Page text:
Great-Great Grandfather Knows Best: Who Are the People of America?

A film made in 1953 that explains how the United States came
to be a culturally diverse nation going back to the founding.

The film is not without problems: there is no mention of the
horrors of slavery or the slaughter of indigenous people.

The film was made for children in elementary school who
watched it in an auditorium and returned to their classes
for discussion.

These discussions often included the American Civil War and
America’s struggle to expand the scope and inclusiveness of
civil rights.

This is another film designed to prevent the rise of fascism, which
relies heavily on successfully demonizing immigrants and people
of color.

Published 1953 Usage Public Domain
Found at the Internet Archives

An Interview With Harold Norse, Part One, Section One: The Art of Teaching

In 1992, I interviewed my friend and literary mentor, Harold Norse.

I moved in with Norse in July of 1984 and moved out in August of 1989 .

Scan of the Harold Norses Signature in my copy of Carnivous Saint
Norse signed my copy of Carnivorous Saint a few months after I moved in with him.

I spent two years in Los Angeles where I did some free-lance writing
for the gay press.

I moved back to San Francisco in the spring of 1992 and invited Norse
over to see my new digs in the Tenderloin.

Norse and I spontaneously decided to do an interview that turned into a
frank discussion of the work we did together as student and teacher.

Most people in San Francisco’s gay lit scene thought my relationship
with Harold Norse was sexual; it wasn’t.

We had a passion for each other, but it was not sexual.

In retrospect, we had an affair of the intellect.

There is a rhythm to the interview as Norse and I adjust to our relationship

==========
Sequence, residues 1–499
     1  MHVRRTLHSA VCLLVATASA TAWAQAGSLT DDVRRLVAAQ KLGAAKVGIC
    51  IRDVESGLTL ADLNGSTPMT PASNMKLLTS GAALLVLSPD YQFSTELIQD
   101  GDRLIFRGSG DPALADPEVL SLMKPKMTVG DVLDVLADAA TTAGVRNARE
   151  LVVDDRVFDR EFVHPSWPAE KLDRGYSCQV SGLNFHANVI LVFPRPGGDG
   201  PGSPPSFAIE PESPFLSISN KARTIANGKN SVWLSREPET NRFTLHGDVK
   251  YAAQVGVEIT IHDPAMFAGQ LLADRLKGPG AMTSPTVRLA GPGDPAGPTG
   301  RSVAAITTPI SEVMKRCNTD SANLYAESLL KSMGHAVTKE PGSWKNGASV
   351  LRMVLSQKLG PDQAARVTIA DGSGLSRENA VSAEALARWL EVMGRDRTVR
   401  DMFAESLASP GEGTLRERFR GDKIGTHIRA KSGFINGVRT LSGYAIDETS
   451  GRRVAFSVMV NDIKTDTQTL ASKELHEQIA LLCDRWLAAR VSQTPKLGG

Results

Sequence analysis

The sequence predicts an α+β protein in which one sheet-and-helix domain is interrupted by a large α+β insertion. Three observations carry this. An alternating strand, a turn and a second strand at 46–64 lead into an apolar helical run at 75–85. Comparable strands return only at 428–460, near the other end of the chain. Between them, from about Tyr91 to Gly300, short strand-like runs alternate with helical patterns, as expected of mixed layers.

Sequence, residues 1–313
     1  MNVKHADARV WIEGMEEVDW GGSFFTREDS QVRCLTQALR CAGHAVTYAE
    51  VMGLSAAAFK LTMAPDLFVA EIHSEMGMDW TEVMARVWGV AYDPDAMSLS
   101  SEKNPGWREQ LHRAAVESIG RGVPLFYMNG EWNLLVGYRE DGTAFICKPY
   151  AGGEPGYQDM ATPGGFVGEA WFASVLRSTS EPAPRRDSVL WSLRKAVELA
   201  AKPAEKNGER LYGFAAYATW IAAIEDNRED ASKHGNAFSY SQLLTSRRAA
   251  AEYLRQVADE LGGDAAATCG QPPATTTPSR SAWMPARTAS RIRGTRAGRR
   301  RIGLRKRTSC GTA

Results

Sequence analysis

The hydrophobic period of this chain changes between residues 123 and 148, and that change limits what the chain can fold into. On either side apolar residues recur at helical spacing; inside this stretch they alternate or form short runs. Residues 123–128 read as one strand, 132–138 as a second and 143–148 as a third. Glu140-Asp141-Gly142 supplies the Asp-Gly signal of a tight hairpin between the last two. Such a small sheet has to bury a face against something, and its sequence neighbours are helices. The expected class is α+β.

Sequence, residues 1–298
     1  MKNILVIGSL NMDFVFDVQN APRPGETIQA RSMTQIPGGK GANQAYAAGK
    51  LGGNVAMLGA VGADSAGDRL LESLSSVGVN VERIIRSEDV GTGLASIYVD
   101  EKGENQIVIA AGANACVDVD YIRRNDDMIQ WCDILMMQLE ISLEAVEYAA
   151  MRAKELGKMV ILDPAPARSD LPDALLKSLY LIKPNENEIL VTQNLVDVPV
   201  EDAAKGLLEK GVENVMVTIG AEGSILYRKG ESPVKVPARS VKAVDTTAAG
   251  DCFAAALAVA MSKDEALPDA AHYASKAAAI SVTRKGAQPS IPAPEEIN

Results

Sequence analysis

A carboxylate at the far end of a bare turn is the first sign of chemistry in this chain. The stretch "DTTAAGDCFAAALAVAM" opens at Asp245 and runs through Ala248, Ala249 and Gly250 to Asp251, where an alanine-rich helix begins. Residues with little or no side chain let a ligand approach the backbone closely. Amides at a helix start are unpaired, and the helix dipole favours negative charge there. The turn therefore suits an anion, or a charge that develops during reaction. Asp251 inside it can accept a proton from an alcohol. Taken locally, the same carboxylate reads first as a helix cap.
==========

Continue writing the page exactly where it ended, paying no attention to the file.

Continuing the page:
as equals.

In this first section, we discuss who I was when we met and how Norse approached the task of being a teacher.

There is a moment of silence as Norse reads a short poem by someone
I was teaching.

I open this section of the interview by mentioning the power of his poems
Karma Circuit and Addio.

Scan of Addio from Karma Circuit, 1965, by Harold Norse
Addio by Harold Norse

When Norse and I mention ‘The Cottage’, we are discussing a two-bedroom cottage on Albion Street in San Francisco’s Mission District.

Photograph of Fall leaves on Albion Street
“Get the unconscious going without fear of criticism.” Harold Norse, 1992, on writing.

An interview with Harold Norse Part 1, Section 1, The Art of Teaching

To hear part two click here.

Interview and photograph of Albion Street (c) Rob Goldstein 2017 All Rights Reserved

Save

Save

Save

Save

Save

Save

Save

Save

Save

…of wisteria and the scent of honeysuckle

Her  death leaves
us with

hidden memories

of captured fireflies,

of wisteria and

the scent of

honeysuckle,

of taffy pulls
and
pink flamingos,

of Christmas and

the Wizard of Oz,

of swallowed

shame

and conflicting

secrets.

Image and text Rob Goldstein (c) 2017

Bobby and The Scorpio Club

This is my third post based on a Spoken Word performance with Harold Norse in 1986.

Click here for one and here for two.

This time Harold Norse Reads ‘I Am Not a Man’ and I read part of a monologue by ‘Bobby’ called The Scorpio Club.

Both pieces take up questions of masculinity.

‘I am not a man’ is 1970s gay liberation merged with the peace movement
and feminism.

The Scorpio Club is about a frustrated group of boys who want to be men in a culture that says they’re sick and deserve to die.

They turn their anger on Charleston’s formidable drag queens.

Art by Rob Goldstein
Portrait of Harold Norse by Jim Breeden

I Am Not a Man by Harold Norse

Digital photograph made in virtual reality to illustrate a teen aged boy named Bobby
El Club Escorpión

The Scorpio Club by Rob Goldstein

(C) Rob Goldstein 1986-2017 All Rights Reserved

Scan of the Cover of The Very Best of Cat Stevens
The Very Best of Cat Stevens

Oh Very Young Cat Stevens
Community Audio
Internet Archives

 

Save

Save

Save

Save

Save

Save

Save

Save

Save